I still remember the season of motherhood where I had four jobs. FOUR. All at the same time.
My three kids would be in childcare or preschool during the day while I worked my part-time day job (with no benefits) and then I would pick them up and hurry them home where a babysitter would come to cover the transition time so I could get out the door to wait tables on nights and weekends and in the limited in-between hours, I had my computer on my lap working as a virtual assistant and a website designer until the wee hours of the morning.
It was insanity. And I barely saw my kids. But I did it.
Rewind a few years and I could tell you about the season of life when I had finally gotten my teaching license and would teach high school English all day while my babies (just a toddler and an infant at the time) were at an in-home daycare down the street, pick them up after school and bring them directly to the restaurant where I worked. I would change my clothes in the bathroom while a coworker hung out with my kids, order them dinner, and oversee them eating their meal while I started serving a handful of tables simultaneously. The best part would be when the students I had taught during the day would come in with their parents for dinner and I would literally have to look them in the eye and ask, “Would you like fries with that?” (In case you’re wondering, I am not the only teacher in history who has to give their entire paycheck over just to pay for daycare, making a second job a necessity. Not by a long shot.) Eventually, my husband would arrive from work, pick up the kids from their VIP table, and take them home to be put to bed and I would arrive home long after my babies were fast asleep and then I would start my grading and lesson planning.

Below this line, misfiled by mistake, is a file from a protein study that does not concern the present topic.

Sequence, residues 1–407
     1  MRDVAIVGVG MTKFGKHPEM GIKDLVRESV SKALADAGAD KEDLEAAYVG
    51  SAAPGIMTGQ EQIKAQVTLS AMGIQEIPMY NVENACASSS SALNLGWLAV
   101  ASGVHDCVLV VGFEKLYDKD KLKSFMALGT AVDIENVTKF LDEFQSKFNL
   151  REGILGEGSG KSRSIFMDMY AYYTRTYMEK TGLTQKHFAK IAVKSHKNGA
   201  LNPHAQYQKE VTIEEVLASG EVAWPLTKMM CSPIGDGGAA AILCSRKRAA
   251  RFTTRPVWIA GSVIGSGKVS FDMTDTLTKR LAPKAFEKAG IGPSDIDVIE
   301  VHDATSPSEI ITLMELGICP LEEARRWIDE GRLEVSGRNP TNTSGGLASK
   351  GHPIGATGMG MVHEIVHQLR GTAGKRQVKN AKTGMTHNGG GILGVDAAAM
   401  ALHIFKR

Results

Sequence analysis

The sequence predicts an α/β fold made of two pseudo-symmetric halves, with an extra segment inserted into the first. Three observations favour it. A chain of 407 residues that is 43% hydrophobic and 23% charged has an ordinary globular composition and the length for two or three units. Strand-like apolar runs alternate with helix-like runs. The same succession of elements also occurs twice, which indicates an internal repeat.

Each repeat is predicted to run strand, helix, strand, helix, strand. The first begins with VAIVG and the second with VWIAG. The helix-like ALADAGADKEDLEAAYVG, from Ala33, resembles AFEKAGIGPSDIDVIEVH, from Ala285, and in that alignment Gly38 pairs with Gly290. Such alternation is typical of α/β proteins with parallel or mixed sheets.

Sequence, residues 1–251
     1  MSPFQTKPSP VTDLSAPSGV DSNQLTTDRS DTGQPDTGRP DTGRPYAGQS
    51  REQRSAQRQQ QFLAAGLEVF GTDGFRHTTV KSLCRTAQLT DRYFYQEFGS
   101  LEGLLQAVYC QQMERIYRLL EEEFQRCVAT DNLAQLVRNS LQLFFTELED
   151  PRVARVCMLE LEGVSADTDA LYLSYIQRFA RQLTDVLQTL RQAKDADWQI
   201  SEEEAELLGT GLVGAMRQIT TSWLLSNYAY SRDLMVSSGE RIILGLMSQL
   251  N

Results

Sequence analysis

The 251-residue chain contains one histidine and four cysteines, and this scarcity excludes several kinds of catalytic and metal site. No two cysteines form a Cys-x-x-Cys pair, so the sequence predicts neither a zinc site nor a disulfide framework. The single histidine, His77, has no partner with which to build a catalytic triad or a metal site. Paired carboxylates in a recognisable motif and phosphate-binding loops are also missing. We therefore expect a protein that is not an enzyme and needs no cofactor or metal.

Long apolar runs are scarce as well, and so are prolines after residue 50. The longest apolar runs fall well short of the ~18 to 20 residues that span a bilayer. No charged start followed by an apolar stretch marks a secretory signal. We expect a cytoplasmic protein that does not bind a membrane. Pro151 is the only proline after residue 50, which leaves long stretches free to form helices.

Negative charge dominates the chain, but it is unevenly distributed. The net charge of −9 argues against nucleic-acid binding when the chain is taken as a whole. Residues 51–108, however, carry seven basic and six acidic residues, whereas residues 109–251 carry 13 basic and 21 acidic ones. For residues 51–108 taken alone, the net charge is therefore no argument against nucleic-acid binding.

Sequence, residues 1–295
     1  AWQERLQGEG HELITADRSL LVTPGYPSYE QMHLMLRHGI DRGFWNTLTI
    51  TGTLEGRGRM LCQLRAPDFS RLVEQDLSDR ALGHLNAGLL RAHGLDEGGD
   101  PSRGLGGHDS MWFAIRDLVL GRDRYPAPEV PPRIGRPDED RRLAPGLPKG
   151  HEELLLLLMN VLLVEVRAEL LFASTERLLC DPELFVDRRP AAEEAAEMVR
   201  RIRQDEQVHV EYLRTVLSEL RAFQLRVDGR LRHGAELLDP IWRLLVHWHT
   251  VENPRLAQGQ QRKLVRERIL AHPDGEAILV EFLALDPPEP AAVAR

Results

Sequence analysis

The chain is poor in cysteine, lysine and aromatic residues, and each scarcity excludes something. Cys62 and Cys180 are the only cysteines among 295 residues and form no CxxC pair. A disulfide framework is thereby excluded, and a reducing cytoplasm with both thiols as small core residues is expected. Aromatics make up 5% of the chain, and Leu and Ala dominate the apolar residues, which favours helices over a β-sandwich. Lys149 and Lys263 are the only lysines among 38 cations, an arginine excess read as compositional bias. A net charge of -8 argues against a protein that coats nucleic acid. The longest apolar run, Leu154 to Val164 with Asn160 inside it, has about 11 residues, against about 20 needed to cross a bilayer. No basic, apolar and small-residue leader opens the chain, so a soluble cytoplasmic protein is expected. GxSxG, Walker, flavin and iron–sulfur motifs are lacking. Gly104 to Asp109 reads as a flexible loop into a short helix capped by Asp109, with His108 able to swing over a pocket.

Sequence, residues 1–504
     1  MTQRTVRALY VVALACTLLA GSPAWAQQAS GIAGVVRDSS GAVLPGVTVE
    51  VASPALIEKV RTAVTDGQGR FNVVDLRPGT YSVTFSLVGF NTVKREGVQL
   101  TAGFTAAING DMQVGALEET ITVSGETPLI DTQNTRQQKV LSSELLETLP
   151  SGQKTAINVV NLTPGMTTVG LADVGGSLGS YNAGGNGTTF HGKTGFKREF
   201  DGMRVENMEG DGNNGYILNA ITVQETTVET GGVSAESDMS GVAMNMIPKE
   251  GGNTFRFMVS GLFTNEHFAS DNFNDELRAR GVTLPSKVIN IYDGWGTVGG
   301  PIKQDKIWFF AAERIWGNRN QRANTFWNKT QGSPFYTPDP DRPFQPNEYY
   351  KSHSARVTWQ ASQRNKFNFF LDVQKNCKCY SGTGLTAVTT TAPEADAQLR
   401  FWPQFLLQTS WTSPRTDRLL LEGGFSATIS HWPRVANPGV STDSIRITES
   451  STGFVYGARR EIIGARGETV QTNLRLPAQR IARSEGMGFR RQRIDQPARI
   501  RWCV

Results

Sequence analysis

I barely saw my kids. But I did it.
I’m not saying my story is unique and I’m certainly not looking for sympathy, but I do think it’s important to talk about and acknowledge how draining and exhausting this cycle is for mothers. I was fortunate enough to have the help of my spouse through these seasons, but I know there are countless other mothers out there without the support of a partner or a support system of any kind. We hear a lot about the Boss Babe and Hustle Mentality lately, but I’m here to tell you….it’s not all it’s cracked up to be. It’s draining. It leaves you feeling bone-weary at the end of the day. I spent countless drives home crying silently over the moments I was missing with my kids combined with sheer exhaustion.
Hear me well. From where I’m standing, there is absolutely nothing wrong with a strong work ethic and going hard after a dream or a goal. In fact, I’m in the role that I’m in today because our circumstances changed just enough that I was able to shift my focus in that direction. What I am saying is that we mothers are always going to be the first to lay ourselves down on the tracks in sacrifice for our kids and we will suffer for it. Mentally, physically, emotionally, and relationally — there will be consequences that we have to deal with somehow.
When we are in seasons where Hustle is happening out of necessity, I implore you to build a support system of some sort. Someone who can give you a much-needed breather as often as possible, or who can offer free childcare here and there so you can invest in some self-care away from those stressful environments without guilt. I remember getting home late at night on Friday nights from the restaurant only to wake up bright and early to open it again on Saturday morning, but those Saturday afternoons, when I finally had time breathe for a moment, I often just wanted a nap or to read a book alone or something to recharge, but I struggled with feeling guilty that I wasn’t soaking up every moment with my babies.